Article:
The Assembly yesterday met up with the community minister of a “now world famous Uniting Church” and gave her a standing ovation.
“You and your congregation of Beaconsfield have done the Uniting Church proud,” Gregor Henderson told Frances Seen, from the northern Tasmanian town where a mine disaster left one man dead and two trapped underground for two weeks.
“We want you to know just how much we appreciate the fine witness to the gospel you gave,” he told her.
Mrs Seen, who’s probably had more media exposure than any other UCA minister in recent years, responded: “We did what the Uniting Church always does. In a time of crisis we were there … never knowing how much it would involve.”
Asked about the essential aspects of the ministry extended during the crisis, she emphasised how the church had been kept open day and night. “People came because they didn’t know what else to do.”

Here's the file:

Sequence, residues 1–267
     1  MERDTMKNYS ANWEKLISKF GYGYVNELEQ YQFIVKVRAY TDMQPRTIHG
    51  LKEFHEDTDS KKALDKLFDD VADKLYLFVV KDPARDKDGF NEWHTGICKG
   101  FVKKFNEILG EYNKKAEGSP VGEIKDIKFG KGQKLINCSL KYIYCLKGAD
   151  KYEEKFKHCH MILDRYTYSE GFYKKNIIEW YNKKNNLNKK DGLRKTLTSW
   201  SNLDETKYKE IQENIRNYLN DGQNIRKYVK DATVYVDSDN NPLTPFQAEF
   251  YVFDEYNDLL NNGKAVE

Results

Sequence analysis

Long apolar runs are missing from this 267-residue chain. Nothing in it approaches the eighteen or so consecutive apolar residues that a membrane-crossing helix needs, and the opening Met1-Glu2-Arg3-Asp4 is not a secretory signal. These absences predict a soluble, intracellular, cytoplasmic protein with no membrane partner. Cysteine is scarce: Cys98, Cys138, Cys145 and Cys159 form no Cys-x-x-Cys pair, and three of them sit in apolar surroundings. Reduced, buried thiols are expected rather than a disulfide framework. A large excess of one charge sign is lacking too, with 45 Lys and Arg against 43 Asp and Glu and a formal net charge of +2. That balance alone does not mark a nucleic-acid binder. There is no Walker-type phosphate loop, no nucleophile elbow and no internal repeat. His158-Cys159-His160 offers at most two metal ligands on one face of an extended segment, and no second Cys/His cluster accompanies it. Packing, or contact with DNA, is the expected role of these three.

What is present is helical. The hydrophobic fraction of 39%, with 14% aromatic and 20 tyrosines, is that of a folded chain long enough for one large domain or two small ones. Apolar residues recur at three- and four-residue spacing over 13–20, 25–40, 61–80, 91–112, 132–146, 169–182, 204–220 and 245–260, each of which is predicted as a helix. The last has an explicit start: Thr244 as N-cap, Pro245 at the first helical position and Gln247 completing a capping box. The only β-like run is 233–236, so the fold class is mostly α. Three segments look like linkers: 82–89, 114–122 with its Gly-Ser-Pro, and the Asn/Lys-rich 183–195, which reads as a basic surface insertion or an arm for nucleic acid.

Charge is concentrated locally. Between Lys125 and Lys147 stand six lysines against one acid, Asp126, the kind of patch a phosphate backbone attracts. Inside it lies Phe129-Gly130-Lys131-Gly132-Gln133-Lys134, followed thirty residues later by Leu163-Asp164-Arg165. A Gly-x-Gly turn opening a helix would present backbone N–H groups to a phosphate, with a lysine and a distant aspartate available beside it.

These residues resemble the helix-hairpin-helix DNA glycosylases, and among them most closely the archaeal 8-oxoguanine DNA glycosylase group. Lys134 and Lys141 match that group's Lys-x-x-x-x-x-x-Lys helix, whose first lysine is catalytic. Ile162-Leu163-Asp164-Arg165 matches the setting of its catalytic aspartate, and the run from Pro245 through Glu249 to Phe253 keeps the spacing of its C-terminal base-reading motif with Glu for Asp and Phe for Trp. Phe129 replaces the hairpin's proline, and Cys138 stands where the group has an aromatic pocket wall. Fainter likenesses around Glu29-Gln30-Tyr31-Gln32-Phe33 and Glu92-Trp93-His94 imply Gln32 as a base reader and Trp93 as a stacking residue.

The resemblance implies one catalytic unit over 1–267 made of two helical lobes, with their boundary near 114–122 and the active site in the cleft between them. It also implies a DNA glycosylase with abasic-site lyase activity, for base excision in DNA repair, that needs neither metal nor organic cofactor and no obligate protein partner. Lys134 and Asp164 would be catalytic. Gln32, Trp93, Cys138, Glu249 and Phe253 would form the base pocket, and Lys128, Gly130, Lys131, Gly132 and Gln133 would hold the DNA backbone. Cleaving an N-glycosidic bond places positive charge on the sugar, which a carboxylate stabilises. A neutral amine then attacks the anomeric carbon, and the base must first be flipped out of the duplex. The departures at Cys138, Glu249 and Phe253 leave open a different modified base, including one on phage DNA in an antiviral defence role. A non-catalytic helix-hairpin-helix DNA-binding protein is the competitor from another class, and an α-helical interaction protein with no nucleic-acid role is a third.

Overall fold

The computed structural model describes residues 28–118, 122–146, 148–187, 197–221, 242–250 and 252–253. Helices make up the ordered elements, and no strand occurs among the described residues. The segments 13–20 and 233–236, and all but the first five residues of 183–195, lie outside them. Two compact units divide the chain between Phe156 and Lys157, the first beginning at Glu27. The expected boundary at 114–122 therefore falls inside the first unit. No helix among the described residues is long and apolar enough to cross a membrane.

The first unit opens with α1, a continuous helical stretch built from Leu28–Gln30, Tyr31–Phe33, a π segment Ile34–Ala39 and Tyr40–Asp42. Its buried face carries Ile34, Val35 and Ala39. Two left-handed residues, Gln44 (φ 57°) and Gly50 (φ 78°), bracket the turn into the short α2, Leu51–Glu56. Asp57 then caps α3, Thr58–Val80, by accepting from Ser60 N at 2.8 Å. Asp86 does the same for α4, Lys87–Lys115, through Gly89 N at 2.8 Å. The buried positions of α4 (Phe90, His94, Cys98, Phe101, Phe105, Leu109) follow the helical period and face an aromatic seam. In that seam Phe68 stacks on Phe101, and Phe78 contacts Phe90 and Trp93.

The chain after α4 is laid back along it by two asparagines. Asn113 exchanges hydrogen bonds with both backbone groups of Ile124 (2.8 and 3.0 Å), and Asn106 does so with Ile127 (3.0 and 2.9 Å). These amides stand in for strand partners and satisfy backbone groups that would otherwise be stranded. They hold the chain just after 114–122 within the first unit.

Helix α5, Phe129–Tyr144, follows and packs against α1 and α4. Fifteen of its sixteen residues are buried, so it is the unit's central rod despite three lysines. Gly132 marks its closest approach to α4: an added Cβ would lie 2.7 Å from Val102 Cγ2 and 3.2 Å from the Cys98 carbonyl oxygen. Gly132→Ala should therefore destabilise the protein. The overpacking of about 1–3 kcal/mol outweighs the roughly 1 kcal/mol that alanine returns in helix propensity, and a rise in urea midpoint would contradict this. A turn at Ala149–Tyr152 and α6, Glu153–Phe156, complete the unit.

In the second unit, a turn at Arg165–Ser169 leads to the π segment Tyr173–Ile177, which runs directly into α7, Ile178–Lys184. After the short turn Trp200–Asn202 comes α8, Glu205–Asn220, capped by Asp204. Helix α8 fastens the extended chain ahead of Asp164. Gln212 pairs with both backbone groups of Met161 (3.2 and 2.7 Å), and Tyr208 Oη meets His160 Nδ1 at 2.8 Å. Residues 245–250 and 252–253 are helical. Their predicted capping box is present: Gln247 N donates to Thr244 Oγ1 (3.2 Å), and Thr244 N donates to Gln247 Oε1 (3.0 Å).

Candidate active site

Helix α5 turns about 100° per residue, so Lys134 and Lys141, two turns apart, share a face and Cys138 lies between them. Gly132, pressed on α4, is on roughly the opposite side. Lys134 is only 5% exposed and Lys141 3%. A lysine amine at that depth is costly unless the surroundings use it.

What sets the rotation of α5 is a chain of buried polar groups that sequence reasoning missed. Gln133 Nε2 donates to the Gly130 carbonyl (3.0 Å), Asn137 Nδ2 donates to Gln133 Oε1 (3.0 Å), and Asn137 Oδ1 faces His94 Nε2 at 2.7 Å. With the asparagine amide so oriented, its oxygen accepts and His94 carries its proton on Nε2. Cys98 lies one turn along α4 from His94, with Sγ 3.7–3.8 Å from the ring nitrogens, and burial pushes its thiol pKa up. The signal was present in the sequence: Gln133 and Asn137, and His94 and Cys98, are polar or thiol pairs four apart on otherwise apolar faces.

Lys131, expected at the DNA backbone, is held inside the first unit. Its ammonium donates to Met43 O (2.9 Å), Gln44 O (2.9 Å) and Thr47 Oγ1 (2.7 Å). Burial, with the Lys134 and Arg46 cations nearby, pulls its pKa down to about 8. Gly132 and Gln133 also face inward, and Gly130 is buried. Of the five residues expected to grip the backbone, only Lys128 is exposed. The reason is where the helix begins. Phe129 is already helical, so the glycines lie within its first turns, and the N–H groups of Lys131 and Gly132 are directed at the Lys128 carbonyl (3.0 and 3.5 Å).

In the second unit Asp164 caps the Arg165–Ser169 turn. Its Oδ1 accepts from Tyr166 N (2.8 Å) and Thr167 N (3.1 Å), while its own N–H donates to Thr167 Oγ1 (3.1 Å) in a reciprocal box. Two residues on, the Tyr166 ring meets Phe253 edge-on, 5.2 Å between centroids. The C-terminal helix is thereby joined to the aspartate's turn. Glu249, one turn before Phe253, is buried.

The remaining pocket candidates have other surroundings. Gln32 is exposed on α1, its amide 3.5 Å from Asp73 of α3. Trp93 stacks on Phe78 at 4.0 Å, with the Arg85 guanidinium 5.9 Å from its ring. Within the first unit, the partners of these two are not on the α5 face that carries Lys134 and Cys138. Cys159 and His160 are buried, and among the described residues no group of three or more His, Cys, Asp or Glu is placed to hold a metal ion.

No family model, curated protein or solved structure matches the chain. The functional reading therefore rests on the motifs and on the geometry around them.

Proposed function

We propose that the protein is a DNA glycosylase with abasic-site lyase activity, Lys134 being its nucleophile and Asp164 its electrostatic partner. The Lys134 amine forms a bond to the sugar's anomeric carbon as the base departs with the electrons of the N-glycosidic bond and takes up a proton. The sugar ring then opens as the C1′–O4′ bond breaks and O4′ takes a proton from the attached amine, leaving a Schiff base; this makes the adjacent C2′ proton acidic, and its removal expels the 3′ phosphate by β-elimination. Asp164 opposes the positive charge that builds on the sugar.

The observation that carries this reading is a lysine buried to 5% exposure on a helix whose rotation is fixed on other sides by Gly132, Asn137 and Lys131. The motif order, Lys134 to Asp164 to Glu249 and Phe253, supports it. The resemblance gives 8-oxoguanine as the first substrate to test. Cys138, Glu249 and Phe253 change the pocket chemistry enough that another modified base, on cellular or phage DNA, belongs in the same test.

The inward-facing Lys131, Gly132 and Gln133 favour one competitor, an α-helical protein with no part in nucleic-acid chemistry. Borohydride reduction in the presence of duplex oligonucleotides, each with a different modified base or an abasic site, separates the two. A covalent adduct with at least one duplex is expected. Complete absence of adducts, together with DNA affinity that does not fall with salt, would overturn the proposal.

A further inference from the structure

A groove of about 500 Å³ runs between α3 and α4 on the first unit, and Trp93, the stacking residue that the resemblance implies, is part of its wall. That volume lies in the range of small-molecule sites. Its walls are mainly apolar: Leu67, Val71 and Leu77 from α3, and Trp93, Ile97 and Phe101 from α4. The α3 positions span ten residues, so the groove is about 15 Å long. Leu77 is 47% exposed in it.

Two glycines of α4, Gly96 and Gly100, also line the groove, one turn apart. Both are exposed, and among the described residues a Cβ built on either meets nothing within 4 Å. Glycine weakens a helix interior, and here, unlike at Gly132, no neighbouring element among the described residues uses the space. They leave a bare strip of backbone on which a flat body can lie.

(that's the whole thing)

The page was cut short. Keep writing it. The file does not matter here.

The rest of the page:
The town of Beaconsfield was now going back to doing what it used to do, but it would never be the same, she said. The tourist industry had escalated, and the Uniting Church had become the town’s most photographed building.
The goal now for the congregation was to keep the church open and for its people to be moving about and available to the community.
“I’d like to say the congregation has swelled but it hasn’t,” she said. “We’ve gone back to normal.”
But one addition to the church will be its bell, which had to be taken down about 30 years ago because the structure where it hung was unsafe.
It became a symbol. In its hastily made wooden frame, it was rung the moment the two miners were safely out of their ‘cage’, and its sound reverberated around the world on CNN’s news service.
Now a local service club has offered to build a new tower for that international bell from the world famous Uniting Church.
Read more about the 11th Assembly HERE.
Photo : ASSEMBLY NEWS